There are often problem employees even in downsized organizations that have already reduced their staffs. In some ways an organization such as a work group, team or department is like a person. All it takes is one problem employee and the entire organization may perform at less than top efficiency.

 

There are different types of problem employees and the lab manager has to deal differently with each type in order to get them – and the entire work group – to perform at higher efficiency.

 

Top performers

 

High performers can also be problem employees. In some ways the high performers are the most difficult type of employee to deal with. Some of them have too much control over the workplace. For example, the recession has forced some firms to cut lab staffing levels so dramatically that there is little or no redundancy in some areas. In these areas a single individual can have an organization’s entire functional knowledge of some area of technology. This person may develop an excessive sense of control hinders cooperation with others. The individual feels that knowledge is power and hoards his/her expertise and doesn’t share it. The individual may become a prima donna who doesn’t take direction well.

 

In this situation it is important for the lab manager to have a strong management training and succession plan in place so the prima donna knows there is another person in the organization developing a mastery over his technology area. Also, a well-organized knowledge management plan can capture much of the prima donna’s knowledge so it becomes available to others.

 

Employees hoarding all the functional knowledge of an area or riding crest of a highly successful project can become over-confident and feel they are immune from job loss or discipline. This can cause them to coast and be less productive or to take unnecessary risks in their work.

 

Marginal employees

 

In the current environment, many lab managers find it difficult to obtain permission to hire new employees. Consequently they hold onto under-performing employees. This makes their coworkers resentful as they see their manager lavishing coaching and attention on the marginal employee.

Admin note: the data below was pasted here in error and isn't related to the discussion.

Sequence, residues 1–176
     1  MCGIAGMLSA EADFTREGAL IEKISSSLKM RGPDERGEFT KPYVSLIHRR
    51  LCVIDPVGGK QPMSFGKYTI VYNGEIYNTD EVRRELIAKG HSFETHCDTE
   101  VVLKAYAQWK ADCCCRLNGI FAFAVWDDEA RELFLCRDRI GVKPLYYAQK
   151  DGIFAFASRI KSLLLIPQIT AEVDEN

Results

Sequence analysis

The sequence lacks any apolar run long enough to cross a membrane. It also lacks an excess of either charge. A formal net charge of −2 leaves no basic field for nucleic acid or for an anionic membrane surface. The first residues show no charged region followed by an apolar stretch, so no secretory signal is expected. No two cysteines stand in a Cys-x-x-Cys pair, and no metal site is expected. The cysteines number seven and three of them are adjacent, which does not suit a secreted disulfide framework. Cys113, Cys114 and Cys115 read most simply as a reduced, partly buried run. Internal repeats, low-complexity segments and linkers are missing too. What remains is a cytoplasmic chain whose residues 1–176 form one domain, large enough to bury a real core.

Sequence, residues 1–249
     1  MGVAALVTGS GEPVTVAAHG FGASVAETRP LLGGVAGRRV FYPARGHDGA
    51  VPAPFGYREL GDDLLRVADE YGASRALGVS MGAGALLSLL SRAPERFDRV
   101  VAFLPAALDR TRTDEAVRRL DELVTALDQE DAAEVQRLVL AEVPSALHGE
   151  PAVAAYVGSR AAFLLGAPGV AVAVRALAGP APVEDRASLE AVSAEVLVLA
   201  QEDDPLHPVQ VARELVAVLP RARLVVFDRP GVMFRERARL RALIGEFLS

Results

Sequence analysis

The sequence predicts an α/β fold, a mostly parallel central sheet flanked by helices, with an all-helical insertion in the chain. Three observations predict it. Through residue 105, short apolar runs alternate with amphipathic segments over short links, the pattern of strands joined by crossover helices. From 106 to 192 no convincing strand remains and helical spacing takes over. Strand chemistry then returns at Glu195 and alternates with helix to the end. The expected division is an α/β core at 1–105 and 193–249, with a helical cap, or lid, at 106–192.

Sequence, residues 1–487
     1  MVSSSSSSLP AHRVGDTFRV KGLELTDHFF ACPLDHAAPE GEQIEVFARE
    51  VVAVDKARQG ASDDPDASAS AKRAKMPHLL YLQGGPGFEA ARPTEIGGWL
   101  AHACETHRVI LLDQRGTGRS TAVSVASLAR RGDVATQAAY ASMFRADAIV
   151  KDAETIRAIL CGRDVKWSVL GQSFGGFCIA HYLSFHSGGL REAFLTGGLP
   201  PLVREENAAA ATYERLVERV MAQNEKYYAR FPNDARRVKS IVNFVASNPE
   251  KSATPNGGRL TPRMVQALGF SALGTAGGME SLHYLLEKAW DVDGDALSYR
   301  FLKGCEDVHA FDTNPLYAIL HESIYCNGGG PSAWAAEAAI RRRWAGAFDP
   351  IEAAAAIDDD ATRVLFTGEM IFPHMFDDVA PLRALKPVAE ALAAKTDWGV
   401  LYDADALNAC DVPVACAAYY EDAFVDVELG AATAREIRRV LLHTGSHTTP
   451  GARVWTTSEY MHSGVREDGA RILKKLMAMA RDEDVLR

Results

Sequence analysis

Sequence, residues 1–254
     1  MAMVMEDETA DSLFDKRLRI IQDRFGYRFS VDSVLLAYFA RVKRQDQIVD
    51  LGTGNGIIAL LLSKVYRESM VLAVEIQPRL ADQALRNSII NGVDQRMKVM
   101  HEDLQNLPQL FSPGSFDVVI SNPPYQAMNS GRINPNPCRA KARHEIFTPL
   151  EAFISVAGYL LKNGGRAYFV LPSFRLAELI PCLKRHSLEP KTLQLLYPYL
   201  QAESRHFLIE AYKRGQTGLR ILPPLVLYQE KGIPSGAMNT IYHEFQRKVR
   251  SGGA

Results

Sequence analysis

Some managers enable these marginal employees by lowering expectations and allowing these staff members to get away with being less productive. Other staff members may be forced to pick up the slack. These individuals will resent both the under-performing employee and the manager.

 

Sometimes employees are performing at least reasonably well but the manager does some of work for them. This is often because the manager is unwilling to relinquish control over a project. Some managers may be compensating for making a bad hiring decision and are now carrying part of an under-performing staff members work to make sure it gets done.


Openly negative employees

 

Some employees, both top performers and marginal ones, may have developed strongly negative attitudes or pessimistic. During the recession, this negativity permeated a workplace reducing morale and productivity. This negativity can persist even when business and the employment environment improve as they are now. While it’s natural for employees to occasionally gripe about the workplace, their manager, and coworkers, it shouldn’t become a habit. The manager should sit down with these negative employees and discuss their behavior as soon as they become aware of it. Emphasize the harmful effects of the negative attitudes. Let them know you won’t tolerate it and it will affect their performance review and thus their next raise and their chances of promotion.